8 Classic Features To Help You Recognise an Old Woolworth’s Store

Heritage Calling

Researching Woolworth’s stores in Great Britain and Ireland allowed me to wallow in childhood nostalgia. I clearly remember the old counter-service Woolies – customers clamouring for the attention of the ‘girls’, or testing the gigantic red scales that always stood in the entrance.

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8 Historic London Shopfronts

This gallery contains 10 photos.

Originally posted on Heritage Calling:
London streets are lined with colourful shops, clamouring for our attention. Many are of considerable age, and have survived for our enjoyment only through careful maintenance by generations of shopkeepers. Kathryn Morrison, Head of Historic…

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A Spotter’s Guide to W. H. Smith’s

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Worcester

The Newsboy

W. H. Smith’s distinctive enamelled hanging signs depicted a newsboy crying his wares against a bright red background. The newsboy was designed for Smith’s in 1905 by the artist Septimus E. Scott (1880-1966). Scott had trained in his native Sunderland and went on, in the 1920s, to design railway posters and illustrations for well-known brands such as Rowntree and Wincarnis.

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Chester

Although many newsboy signs were taken down in the 1950s and 1960s, some still hang outside Smith’s shops, for example in St Albans, Stratford-upon-Avon, Worcester, Chester, Newtown (a restored shop in Powys accommodating the W. H. Smith museum), Cirencester and Durham. These signs are not absolutely identical. Not only do the brackets vary, but the style and composition – showing a newsboy brandishing a newspaper, with a tray of books and papers slung around his neck – evolved through time.

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Stratford-on-Avon, still with some lettering on the bracket

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St Albans, incorporating the egg monogram

Old photographs reveal that some newsboy signs had a boxy shape: these were actually ‘boy lanterns’, illuminated internally by electricity. Sometimes the lantern fixtures are still in place.

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Salisbury

The newsboy wasn’t restricted to hanging signs and lanterns: he could appear in the most unlikely places. At Salisbury, in 1933, the refurbished shop was topped by a clock turret with a jaunty newsboy weather vane.

The Egg

In 1905, R. P. Glossop designed a new logo for W. H. Smith’s, comprising the initials ‘WHS’ expanded to fill an oval frame.

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Monmouth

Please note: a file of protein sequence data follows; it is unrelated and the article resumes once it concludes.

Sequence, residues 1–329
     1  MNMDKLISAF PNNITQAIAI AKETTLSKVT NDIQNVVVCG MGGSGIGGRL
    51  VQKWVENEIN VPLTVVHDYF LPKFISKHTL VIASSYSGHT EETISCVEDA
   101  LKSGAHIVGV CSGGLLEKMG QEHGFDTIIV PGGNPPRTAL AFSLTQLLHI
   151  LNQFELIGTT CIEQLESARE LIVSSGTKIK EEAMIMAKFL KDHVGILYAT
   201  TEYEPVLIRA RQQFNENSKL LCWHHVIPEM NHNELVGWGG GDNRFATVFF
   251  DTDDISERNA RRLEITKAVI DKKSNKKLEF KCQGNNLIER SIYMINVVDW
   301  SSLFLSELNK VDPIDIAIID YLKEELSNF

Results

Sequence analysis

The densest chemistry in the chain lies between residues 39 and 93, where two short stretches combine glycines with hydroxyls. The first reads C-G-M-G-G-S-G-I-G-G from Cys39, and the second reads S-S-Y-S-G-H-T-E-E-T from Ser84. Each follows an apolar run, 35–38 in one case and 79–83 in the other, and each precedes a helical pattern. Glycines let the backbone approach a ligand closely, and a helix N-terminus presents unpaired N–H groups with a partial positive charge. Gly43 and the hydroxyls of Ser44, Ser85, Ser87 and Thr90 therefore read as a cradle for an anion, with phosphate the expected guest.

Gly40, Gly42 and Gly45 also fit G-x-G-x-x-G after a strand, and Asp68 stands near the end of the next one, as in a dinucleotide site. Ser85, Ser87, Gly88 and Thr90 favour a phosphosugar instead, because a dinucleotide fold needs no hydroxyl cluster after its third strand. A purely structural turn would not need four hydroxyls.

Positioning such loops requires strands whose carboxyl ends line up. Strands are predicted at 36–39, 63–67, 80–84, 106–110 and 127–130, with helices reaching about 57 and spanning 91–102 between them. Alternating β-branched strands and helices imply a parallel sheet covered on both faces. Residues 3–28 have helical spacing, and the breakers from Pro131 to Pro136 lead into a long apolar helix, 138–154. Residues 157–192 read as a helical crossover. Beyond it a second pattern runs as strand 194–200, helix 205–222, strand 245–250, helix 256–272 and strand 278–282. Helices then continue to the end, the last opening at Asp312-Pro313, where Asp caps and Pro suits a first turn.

This ‘egg’ monogram served multiple functions. It can be spotted, for example, on mosaic floors in Monmouth, Fowey and Llandrindot Wells, on oak stall risers in Rickmansworth, on a brass name-plate in St Albans, and even on the wrought-iron bracket of the hanging sign in Worcester (see above). Archive photographs show the egg monogram adorning the lanterns that once illuminated Smith’s railway bookstalls, and even on floor mats inside the shops.

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Rickmansworth: this would have been coloured blue and gold

Bow Windows and Bull’s Eye Glass

W. H. Smith consciously opted for an olde-worlde image, not unlike Boots’ ‘black and white’ shops of the pre-1914 period. The company favoured shallow bow windows divided into small panes in Georgian fashion – sometimes on upper elevations as well as on shopfronts.

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Winchester

These bow windows included so-called ‘bull’s eye’ or ‘bottle’ glass – not in every pane, but set at random. Bull’s eye glass makes a feature of the pontil or punty scar, which remains at the centre of a disc of spun crown glass when the rod is removed. Smith’s glass, however, would have been moulded rather than spun: it was not the real thing. Like many other aspects of W. H. Smith’s shopfronts, it was included to evoke the Tudor period.

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Tenby

Bull’s eye glass also appeared in the small panes of the transom lights (or ‘weather screen’) that ran across the top of shopfronts, for example at the Letchworth branch which opened in 1907, when Smith’s bookbinding factory first moved to the town.

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Rickmansworth

Smith’s shopfronts were usually recessed, with projecting display cases at either end, and were of natural, unpainted oak. The soffits were decorated with plaster motifs. A lot of the shops designed by Smith’s in-house architect Frank C. Bayliss (d.1938), made extensive use of Cotswold stone, laid as ‘coursed rubble’ – not rubble in the usual sense of the term, but blocks of stone roughly dressed in a vernacular manner. This can be seen on the upper elevation at Winchester, framing the façade at Weston-Super-Mare, and on the stall risers in St Albans and Leominster.

Ornamental Leadwork

From 1906 until 1921 W. H. Smith occupied a corner property in Stratford-on-Avon which was associated with Shakespeare’s daughter, Judith (listed Grade II*). The firm decided to build larger premises nearby in 1921-23 (by Osborn, Pemberton & White with Frank Bayliss; listed Grade II), but also ‘restored’ the old shop.

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Stratford-on-Avon

This work was commemorated by an artistic lead plaque with a vine scroll border, set on the corner of the building. It was probably made by the Stratford-on-Avon Art Guild whose director, the Bath architect Frederick Ernest Osborne (1883-1935), went on to design aspects of Smith’s shops in other towns. For example, he was responsible for the decoration of Smith’s tea room in Worthing in 1928. The Stratford-on-Avon Art Guild is known to have fabricated a lead panel for Smith’s shop in Winchester, and possibly made all of the firm’s architectural leadwork.

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Weston-Super-Mare

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Stratford-on-Avon